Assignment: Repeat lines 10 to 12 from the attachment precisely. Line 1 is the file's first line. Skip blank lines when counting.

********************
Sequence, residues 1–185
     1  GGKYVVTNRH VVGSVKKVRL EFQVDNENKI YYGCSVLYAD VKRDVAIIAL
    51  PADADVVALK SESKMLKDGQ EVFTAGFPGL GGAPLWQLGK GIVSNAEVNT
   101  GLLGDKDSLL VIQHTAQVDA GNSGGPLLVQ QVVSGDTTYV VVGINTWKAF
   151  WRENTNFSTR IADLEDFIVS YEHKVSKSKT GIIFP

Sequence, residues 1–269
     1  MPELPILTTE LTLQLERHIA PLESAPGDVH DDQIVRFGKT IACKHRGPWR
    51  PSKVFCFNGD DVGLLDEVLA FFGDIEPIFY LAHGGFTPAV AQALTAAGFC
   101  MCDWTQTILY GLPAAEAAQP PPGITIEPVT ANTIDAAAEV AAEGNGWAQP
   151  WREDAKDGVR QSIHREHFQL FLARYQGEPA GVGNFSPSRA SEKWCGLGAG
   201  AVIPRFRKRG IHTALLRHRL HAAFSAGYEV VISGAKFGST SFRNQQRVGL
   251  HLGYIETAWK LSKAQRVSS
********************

   151  WREDAKDGVR QSIHREHFQL FLARYQGEPA GVGNFSPSRA SEKWCGLGAG
   201  AVIPRFRKRG IHTALLRHRL HAAFSAGYEV VISGAKFGST SFRNQQRVGL
   251  HLGYIETAWK LSKAQRVSS